C (k,n:F) consecutive-k-out-of-n:F (system) R (k,n;p) reliability of C (k,n:F) R,( k,n;p) reliability of circular C (k,n:F) R(m,k,n) reliability of m-C( k,n:F) pi, qi [success, failure] probability of component i ; p i + q i E l , pi€ (091) implies that pi = p , qi = q p, q pij transition probabilities r0 initial probability vector

0018-95291951$4.00 01995 IEEE



transition probability matrix N(n,k), N,(n,k) [Fibonacci, Lucas] number of order k Nn,k number of non-overlapping failure runs of length k in n s-independent Bernoulli trials N ( n j , k ) number of binary vectors in n-space containing exactly j l's, without any of them being consecutive2 failure time; t E (0, 03). t


Other, standard notation is given in "Information for Readers & Authors" at the rear of each issue.

Notation U I


(1,O,...,0), l x ( k + l ) vector (1,1, ..., l,O), l x ( k + l ) vector implies the transpose

Mi =


pi qi 0

.... 0 0

p. 0 . 9.

0 0

p; 0 0


i Derman, Lieberman, Ross [22] expressed R(k,n;p) in the form:

0 q;

1 0 0 0 - 0

2. RELIABILITY O F C(k,n:F) SYSTEM Kontoleon [48-511 studied the reliability of C(k,n:F) where all the components are operating s-independently and have the same failure probability - i.i.d. Bernoulli trials with the same success probability for all components. Chiang & Niu [ 181provided (2-1) and recursive (2-2):



(k+l)x(k+l) transition matrix.

1 J

If all the components have the same failure probability, then (2-4) reduces to:

Many formulae, such as (2-l), (2-3), and those in Papastavridis & Hadjichristos [75] are special cases of (2-4). The same Markov structure is also important in quality inspection-systems such as continuous sampling plans Blackwell [3] and Chao [l 11. In the early 1980s, evaluating the reliability of a C(k,n:F) system through equations such as (2-2) & (2-3) was tedious. Hwang [39], Derman et aZ[22], Shanthikumar [87], Lambiris & Papastavridis [59], and Fu [31] developed recursive equations to evaluate the reliability. However, with the simplicity . of (2-5), these recursive equations have lost their appeal. Eq (2-5) can be easily turned into a recursive equation. For k=2, (2-5) yields the recursive equation:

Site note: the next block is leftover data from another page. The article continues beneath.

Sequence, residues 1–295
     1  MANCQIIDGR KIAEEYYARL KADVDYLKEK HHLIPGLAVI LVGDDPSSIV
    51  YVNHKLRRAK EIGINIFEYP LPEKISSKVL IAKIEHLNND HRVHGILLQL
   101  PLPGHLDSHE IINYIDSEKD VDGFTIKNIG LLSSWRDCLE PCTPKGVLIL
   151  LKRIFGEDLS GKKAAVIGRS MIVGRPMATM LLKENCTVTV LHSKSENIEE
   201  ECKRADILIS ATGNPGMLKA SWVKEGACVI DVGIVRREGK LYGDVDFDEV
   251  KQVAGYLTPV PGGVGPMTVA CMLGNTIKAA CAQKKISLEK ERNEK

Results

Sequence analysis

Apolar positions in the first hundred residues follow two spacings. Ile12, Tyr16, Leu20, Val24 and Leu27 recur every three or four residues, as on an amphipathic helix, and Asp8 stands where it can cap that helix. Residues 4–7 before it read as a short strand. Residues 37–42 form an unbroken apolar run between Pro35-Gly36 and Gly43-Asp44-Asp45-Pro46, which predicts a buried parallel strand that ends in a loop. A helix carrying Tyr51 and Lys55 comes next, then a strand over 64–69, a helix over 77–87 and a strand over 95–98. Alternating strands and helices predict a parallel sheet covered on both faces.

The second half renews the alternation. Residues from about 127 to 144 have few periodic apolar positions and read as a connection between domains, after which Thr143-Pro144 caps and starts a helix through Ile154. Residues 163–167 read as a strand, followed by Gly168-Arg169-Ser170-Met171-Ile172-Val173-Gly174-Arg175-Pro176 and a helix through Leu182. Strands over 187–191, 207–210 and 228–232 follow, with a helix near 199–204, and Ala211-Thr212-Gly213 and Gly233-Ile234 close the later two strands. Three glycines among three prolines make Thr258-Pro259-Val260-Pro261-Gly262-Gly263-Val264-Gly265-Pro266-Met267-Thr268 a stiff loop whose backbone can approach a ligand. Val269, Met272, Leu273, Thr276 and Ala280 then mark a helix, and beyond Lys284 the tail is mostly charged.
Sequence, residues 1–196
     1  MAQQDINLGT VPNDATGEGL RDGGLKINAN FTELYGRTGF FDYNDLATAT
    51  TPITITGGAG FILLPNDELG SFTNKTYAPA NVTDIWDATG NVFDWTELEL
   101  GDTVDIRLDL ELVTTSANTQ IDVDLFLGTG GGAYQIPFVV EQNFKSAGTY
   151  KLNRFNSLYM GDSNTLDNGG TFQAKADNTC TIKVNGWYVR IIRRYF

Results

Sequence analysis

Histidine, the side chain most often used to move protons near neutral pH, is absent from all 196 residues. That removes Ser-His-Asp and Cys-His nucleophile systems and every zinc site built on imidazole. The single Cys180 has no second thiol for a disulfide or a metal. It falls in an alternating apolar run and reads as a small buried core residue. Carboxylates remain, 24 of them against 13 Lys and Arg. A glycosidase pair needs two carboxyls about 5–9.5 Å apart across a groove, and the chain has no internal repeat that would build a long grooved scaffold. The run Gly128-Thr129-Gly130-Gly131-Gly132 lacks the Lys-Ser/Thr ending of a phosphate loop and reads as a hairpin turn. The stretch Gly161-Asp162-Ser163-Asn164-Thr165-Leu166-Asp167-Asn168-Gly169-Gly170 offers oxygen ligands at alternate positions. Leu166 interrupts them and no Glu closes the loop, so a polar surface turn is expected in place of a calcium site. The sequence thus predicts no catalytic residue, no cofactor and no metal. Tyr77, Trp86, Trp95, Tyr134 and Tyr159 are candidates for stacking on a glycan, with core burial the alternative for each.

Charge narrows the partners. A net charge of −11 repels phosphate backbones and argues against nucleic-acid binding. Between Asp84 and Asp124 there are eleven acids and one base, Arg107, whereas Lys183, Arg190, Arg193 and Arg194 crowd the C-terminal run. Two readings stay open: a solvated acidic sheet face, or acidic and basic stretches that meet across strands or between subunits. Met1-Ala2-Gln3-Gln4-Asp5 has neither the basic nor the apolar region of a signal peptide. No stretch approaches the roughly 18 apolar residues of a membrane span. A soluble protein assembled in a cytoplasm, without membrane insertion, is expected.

R(k,n;p) =

N(n,j,k) .p"-J-q'. 1=0

A similar approach was used by Bollinger & Salvia [7]. The N ( n,j , k ) have special combinatorial meaning. Their computation can use either recurrence relations [5, 7, 221 or explicit sums [36, 40, 591. An important observation for the general C ( k,n:F) is that it can be imbedded in a Markov chain - Chao & Lin [14]. However, their Markov chain has 2k states and it can be conveniently manipulated only for small k. Fu [31] successfully introduced a (k+ 1)-state Markov chain which simplified the probability structure of C(k,n:F) considerably. Subsequently, Fu & Hu [32] and Chao & Fu [12, 131 developed a simple formula for the general case of s-independent but not necessarily identically distributed components:

Let p & q be functions o f t : p ( r ) = Pr{T 2 t}. Then, 1 - R (k,n;p( t )) is the failure time distribution of C( k,n:F). It has been studied by Derman et al [22], Griffith & Govindarajulu [38], Shanthikumar [88], Bollinger [6], Griffith [37], Papastavridis [65], and Iyer [47]. Papastavridis & Hadjichristos [74] obtained E { T } & Var { T }. For n 03, let q ( t ) [ h ( t ) / r ~ ] Papastavridis ''~. [67], Chao & Fu [12], and Papastavridis & Chrysaphinou [73] proved that the failure time of the system follows the Weibull distribution:


n--m lim






An interesting question about C(k,n:F) is: Let all pi, i = I , ... ,n be different (without loss of generality, assume pI

'Number of ways in which j identical balls can be placed in n-j + 1 distinct urns, subject to: at most k-1 balls are placed in any 1 urn.

< p2 < ... < p n - I < p"). Then what is the best arrangement of the components so that the system has the highest possible reliability? Derman et a1 [22] proved that for n =4 & k = 2, the arrangement (1,4,3,2) is the solution. Even for k=2, the problem is non-trivial. Recently, several manuscripts have addressed more general problems in this direction, eg, Wei, Hwang, SOS [97], Malon [62], Tong [95,96], Du & Hwang [23 - 261, Hwang